Buchholz shines again as Red Sox beat Jays, 4-3
BOSTON (AP) Clay Buchholz had a simple reason for his recent success.
Buchholz had his third straight solid start and the Boston Red Sox beat Toronto 4-3 Saturday night, damaging the Blue Jays' fading playoff hopes.
''It all comes with fastball command,'' he said. ''If you're throwing your fastball for strikes, everything else feeds off that.''
Buchholz (7-8) gave up two runs and four hits in 6 1-3 innings to help Boston get its second straight win against Toronto. He struck out five and walked two.
Edward Mujica, Boston's fourth reliever, got the final two outs for his fourth save.
But it was Buchholz's start that carried the Red Sox to just their second win in eight games at Fenway Park against the Blue Jays this season.
''He might not have been as sharp as his last time out,'' Boston manager John Farrell said. ''He's still in a really good run, not only the last three times out, but in the last month, month and a half. He's throwing the ball very consistently.''
Colby Rasmus had a pinch-hit, two-run homer in the seventh for the Blue Jays, who began the day five games behind Seattle for the AL's second wild card.
''We're still in this thing. We're hanging on by a thread,'' Toronto manager John Gibbons said. ''They've been two close ballgames, they could have gone either way, but we just came up short.''
The Red Sox scored single runs in the first four innings off J.A. Happ (9-9) after the Blue Jays jumped ahead 1-0 on Dioner Navarro's RBI double.
Happ gave up four runs on seven hits in six innings.
''I wasn't sharp in the first inning, but after that I actually felt like I was making pitches,'' he said.
Dustin Pedroia's run-scoring grounder tied it in the first and Boston moved ahead on Will Middlebrooks' RBI single in the second. Yoenis Cespedes had an RBI double in the third and Christian Vazquez added an RBI double.
Buchholz left with a 4-1 lead in the seventh before Craig Breslow gave up Rasmus' homer that hooked around the right-field foul pole.
In his last start, Buchholz shut out Tampa Bay with a three-hitter on Sunday. On Aug. 25 in Toronto, he held Toronto scoreless over eight innings before leaving with the bases loaded in the ninth. The bullpen allowed all three runners to score before Boston pulled out a 4-3 win in extra innings.
Mookie Betts made a running catch, going to his knees to snag a bloop in short center to save a run, ending the eighth.
Buchholz gave up two hits in the first two innings then retired the 12 straight batters before Jose Bautista's leadoff double in the sixth. After walking the next batter, Buchholz helped himself by grabbing Adam Lind's grounder to the mound and firing to second, starting a 1-6-3 double play. Navarro then lined out to center.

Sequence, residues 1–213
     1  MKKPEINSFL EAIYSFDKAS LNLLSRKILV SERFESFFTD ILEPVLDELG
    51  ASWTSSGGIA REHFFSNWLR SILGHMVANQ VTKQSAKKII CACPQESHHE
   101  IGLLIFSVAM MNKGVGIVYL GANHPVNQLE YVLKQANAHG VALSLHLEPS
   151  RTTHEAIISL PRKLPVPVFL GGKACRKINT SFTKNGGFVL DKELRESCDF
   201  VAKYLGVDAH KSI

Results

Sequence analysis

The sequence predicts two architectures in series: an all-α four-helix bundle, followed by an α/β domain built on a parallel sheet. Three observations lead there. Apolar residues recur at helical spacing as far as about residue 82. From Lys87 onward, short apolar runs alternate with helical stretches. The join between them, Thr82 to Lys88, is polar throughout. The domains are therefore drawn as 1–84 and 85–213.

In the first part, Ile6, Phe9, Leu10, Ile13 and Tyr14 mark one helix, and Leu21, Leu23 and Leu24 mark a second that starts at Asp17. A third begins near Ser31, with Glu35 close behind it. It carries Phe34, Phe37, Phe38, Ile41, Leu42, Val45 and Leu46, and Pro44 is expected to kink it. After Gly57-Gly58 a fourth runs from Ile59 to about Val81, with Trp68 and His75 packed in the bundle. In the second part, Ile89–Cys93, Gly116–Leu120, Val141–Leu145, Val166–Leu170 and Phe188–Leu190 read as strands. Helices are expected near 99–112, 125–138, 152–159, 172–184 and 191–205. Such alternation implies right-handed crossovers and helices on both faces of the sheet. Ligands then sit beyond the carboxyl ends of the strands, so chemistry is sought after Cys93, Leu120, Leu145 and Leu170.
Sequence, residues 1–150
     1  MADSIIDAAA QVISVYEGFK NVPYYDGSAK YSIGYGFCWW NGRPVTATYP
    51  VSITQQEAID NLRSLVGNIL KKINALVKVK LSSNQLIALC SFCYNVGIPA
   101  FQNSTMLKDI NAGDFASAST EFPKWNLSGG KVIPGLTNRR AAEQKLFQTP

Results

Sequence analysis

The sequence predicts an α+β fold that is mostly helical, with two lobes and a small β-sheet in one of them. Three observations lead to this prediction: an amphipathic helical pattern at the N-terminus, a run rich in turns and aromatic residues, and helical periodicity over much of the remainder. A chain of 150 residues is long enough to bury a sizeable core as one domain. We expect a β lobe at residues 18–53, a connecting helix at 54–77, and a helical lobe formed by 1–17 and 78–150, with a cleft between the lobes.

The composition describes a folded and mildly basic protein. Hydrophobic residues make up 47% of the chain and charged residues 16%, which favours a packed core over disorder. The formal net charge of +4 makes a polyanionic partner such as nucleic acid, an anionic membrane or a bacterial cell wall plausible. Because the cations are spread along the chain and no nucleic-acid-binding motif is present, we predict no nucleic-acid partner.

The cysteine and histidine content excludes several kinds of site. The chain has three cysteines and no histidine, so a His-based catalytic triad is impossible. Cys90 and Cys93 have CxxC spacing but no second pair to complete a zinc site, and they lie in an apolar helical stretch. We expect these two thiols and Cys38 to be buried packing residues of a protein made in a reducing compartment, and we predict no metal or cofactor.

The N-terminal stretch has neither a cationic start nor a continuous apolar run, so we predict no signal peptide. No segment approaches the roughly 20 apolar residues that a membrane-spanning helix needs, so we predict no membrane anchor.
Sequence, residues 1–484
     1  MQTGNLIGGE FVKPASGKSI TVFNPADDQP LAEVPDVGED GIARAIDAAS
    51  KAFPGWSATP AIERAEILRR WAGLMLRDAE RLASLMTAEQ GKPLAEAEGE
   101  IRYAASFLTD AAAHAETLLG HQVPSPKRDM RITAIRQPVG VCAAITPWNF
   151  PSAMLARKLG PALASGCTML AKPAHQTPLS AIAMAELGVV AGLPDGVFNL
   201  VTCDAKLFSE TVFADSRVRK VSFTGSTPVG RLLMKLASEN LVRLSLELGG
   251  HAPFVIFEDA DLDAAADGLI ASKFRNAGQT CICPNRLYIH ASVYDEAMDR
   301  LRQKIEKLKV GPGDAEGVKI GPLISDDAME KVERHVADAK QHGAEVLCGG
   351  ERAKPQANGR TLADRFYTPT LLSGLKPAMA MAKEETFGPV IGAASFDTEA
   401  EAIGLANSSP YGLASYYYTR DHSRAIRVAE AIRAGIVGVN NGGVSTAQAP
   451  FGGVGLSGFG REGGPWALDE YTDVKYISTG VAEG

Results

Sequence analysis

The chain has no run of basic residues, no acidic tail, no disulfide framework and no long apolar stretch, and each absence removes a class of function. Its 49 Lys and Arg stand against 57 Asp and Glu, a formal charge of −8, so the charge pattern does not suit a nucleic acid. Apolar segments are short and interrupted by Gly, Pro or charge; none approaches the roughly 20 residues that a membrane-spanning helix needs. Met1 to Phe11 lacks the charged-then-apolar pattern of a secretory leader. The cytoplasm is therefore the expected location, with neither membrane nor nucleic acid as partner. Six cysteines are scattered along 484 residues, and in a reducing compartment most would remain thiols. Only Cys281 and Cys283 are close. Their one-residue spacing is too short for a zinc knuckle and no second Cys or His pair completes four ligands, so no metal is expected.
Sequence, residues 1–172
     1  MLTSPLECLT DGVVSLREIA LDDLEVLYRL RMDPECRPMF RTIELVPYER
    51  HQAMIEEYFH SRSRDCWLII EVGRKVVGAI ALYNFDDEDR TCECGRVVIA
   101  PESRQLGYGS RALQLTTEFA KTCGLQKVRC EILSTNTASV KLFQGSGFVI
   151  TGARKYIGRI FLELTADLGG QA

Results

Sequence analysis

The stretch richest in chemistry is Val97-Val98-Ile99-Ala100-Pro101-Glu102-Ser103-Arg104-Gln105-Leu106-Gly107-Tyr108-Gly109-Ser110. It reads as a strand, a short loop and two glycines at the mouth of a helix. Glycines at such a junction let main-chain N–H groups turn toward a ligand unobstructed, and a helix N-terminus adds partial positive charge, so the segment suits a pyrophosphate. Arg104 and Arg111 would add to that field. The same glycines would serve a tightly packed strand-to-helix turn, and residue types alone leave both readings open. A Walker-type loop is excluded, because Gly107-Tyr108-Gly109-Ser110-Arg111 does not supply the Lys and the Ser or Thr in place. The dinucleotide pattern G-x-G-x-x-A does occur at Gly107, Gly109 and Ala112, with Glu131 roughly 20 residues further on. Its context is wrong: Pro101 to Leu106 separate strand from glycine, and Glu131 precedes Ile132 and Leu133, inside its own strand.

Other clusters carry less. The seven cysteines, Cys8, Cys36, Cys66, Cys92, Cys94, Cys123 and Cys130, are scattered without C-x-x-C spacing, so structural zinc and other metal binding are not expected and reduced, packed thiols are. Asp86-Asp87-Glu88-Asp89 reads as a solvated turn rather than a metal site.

BIG PAPI SHOWS SOME SPEED
David Ortiz lumbered from first, scoring on Cespedes' RBI double into the right-center field gap. The 6-foot-4, 230-pound Ortiz came in standing up when RF Bautista overthrew the cutoff.
Blue Jays: Kevin Pillar started in left field a day after Melky Cabrera was lost for the season with a fractured right pinkie finger. Cabrera, a big part of the lineup, was second in the majors with 171 hits when he was injured, batting .301 with 19 homers and 73 RBIs.
Red Sox: INF/OF and leadoff hitter Brock Holt, who left Friday's win early with dizziness, was out of the lineup, but manager Farrell said he was available to play. Farrell said he decided to get an extra right-handed batter in the lineup against left-handed starter Happ. First baseman Mike Napoli left because an illness after the second inning.
Blue Jays: Knuckleballer R.A. Dickey (11-12, 3.94 ERA) is scheduled to start Sunday in the series finale. He has won two of his last three starts, going seven strong innings, allowing just two runs and two hits in his last one on Sept. 2.
Red Sox: Rubby De La Rosa (4-5, 3.89) is slated to get the start. He's winless in his last four starts.
The three children of a Kevin Houston, a Navy SEAL from Cape Cod that was killed in Afghanistan in early August, delivered the game ball to the pitcher's mound before the start. They received a standing ovation.
The start was delayed 72 minutes by a thunderstorm that didn't bring much rain, but had a lot of thunder and lightning.